If you are using an online documentation system, batch your progress notes--write at least two at one sitting, preferably more.
Since our online documentation system doesn’t always populate the data fields with required information, such as the diagnostic code for students, I keep a reference sheet of students and their diagnostic codes handy while I write notes.
If you feel like you are shortchanging your students by writing fewer words or details in a note, compromise.  For a student you see twice a week, spend your usual amount of documentation time writing the first note of the week.  Then, practice a shortened approach to word usage in the second note of the week.  Purposely make the second note more succinct.  It takes awhile to get accustomed to not laying every thought out on the page; discomfort is a sign of adaptation and growth.
About IEPs:
Be concise, eliminate subjective information: “Jimmy is a sweet, second grader who always comes to school with a kind word and cookie for his teacher.”
Add information about the student’s independence and areas of need that are focused on school performance--it’s unusual to write in telegraphic style in an IEP but aim for brevity.  Does your input exceed the special education teacher’s input?  If so, it's time to downsize your words.
Additional suggestion:
At least two of our therapists dictate their treatment notes into their Google calendars, then cut/paste the info into their online documentation.  They love the time they save. 
Wouldn't you rather be outside right now?  It's fall, and Virginia is too beautiful to miss.

Thursday, November 17, 2016

Erupting Snowballs--I Think It's Time for a Snow Day

One of my middle school teachers who serves students with mild cognitive disabilities shared this enticing, looking-forward-to-snow-days activity with me today:


Wednesday, November 16, 2016

Thanksgiving Sensory Flip Book

This post


inspired an activity idea.

Tomorrow I get to go on a home visit and work with a student, her mom and teacher and we're making a small flip book related to the sensory experiences associated with Thanksgiving.

  • Crunchy corn on the cob (a sticky wall cling and bits of horse corn from my DH's feed bin)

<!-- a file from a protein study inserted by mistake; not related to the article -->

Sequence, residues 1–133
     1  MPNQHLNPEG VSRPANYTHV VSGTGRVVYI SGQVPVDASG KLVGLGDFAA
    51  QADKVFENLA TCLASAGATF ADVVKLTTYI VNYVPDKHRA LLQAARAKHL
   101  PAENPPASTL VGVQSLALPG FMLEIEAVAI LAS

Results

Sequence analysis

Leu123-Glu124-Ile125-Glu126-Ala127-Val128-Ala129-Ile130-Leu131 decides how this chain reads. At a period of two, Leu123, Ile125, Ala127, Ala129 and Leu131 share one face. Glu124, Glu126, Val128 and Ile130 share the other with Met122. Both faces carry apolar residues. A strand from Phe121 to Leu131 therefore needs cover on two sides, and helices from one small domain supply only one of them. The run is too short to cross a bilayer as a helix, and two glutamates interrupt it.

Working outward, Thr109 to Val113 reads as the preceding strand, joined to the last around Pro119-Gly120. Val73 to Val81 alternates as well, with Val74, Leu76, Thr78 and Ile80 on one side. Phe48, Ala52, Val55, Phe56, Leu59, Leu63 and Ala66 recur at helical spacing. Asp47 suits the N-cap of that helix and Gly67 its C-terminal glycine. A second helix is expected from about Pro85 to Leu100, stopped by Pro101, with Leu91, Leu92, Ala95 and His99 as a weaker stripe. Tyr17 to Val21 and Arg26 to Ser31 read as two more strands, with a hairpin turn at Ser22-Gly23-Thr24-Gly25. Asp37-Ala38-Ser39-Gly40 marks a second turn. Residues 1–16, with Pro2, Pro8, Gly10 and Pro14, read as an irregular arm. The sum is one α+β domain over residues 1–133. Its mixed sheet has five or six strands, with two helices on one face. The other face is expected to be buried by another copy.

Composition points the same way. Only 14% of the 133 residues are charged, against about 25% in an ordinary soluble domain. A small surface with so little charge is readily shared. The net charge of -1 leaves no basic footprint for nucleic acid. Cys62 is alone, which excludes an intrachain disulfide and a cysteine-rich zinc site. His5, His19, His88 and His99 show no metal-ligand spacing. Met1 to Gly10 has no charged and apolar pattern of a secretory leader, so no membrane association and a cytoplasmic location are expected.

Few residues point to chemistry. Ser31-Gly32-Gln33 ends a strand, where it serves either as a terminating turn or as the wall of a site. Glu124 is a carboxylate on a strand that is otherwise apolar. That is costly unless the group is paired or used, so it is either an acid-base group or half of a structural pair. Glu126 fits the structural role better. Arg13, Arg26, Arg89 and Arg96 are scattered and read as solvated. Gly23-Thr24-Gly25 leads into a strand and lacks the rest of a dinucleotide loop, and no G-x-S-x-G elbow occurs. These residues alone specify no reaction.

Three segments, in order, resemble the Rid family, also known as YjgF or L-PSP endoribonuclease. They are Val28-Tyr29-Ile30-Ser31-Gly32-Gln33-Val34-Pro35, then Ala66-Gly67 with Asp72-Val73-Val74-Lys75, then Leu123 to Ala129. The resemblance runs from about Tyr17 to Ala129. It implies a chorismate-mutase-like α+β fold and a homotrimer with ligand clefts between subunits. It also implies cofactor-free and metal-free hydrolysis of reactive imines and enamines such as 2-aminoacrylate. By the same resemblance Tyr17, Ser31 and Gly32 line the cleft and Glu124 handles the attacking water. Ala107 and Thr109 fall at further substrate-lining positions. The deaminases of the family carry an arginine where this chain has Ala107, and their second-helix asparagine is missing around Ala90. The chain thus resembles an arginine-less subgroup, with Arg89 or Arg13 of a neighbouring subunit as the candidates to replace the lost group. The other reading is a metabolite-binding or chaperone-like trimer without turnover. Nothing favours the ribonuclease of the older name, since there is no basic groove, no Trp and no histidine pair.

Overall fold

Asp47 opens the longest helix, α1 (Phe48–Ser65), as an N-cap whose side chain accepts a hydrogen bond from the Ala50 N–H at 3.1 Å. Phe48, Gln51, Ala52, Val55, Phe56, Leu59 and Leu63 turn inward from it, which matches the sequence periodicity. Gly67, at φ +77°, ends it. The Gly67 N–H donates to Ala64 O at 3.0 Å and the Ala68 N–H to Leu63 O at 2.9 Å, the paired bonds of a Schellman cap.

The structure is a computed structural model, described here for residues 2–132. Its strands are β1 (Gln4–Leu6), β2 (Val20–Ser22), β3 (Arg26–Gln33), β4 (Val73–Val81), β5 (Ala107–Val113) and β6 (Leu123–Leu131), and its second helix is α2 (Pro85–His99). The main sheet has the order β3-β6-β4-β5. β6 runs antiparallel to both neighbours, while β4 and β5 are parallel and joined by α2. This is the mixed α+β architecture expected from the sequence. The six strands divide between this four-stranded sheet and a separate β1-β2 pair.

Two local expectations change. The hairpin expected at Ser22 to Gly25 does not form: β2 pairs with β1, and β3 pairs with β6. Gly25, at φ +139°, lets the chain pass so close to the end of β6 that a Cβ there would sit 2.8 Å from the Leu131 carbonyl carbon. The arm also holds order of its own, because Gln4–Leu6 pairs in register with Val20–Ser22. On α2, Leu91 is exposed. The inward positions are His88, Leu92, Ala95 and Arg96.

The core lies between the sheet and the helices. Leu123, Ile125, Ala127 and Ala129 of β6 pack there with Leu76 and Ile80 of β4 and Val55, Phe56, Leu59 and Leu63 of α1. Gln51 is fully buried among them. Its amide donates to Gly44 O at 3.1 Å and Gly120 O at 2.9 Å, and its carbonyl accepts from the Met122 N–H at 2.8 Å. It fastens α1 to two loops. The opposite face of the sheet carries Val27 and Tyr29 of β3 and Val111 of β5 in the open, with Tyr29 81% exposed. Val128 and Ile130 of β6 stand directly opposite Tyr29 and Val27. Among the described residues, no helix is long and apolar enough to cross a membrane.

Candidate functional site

• Pilgrim hat (soft black felt pieces to make the hat, and shiny foil trim)
  • Pumpkin pie (clip art and lots of cinnamon), and
  • Turkey feathers (colorful, tacky feathers glued on to a little turkey.
The hard-working teacher for students with intellectual disabilities will have gobs of pictures of the items we're using and will have set up the student's school-loaned device to give her lots of opportunities to choose which materials will be used.

The cards that will comprise the book are started, but unfinished so the student can complete the project within a short time frame.

Clip art pumpkin pie slice with cinnamon glued on top.  Student will add cloves to make it smell even better.

Gummy window cling, outlined for better viewing since the paper background is light yellow, like the corn.

Extra fall-themed gummies, just for fun.  I ended up outlining them with a black magic marker, like the ear of corn.

Why so shiny?  Well, the gummies stick very well to the background paper.  And, without the layer of clear plastic film on top, they will stick to their neighbors, too!

11-21-2016 Update:  The high schoolers with autism made turkeys with feathers, spicy pie and ears of cornthis morning:

My SLP buddy and I saw a range of approaches to adding the sensory features to the drawn pictures--ease with touching spices vs. avoidance, interest in sniffing the spices vs. turning their faces away, knowledge of how to untwist the tight glue bottles vs. cluelessness.  What a great activity for speech-language as well as fine motor and sensory opportunities.

Monday, November 14, 2016

Holiday Slime Time

One of my plans this school year is to bring a weekly sensory activity into an elementary class for students with autism.  This slime resource is a treasure for the entire year:


Alert:  Some (all?) liquid starch may have Borax which should not be consumed.  Read the labels and match your activity to your student with care.

Friday, November 11, 2016

Keep a Little Hawaii in Your Heart

One of my close family members visited Hawaii last month and sent me photos of the view from her almost-private beach accommodations.  Ah......

So, when I came across this activity--a creative twist on the classic clothespins for pinch standby--it made me think of how nice it might be, someday, to visit the same spot as my loved one did.  Ocean Cards for Fine Motor Fun

Oh, I guess you might substitute some other theme in place of the seashells & starfishes, but using tropical critters makes me daydream about happy times that might be in my future.  I guess our students daydream about being super heroes, so go ahead and break out the Spiderman stickers, if you must.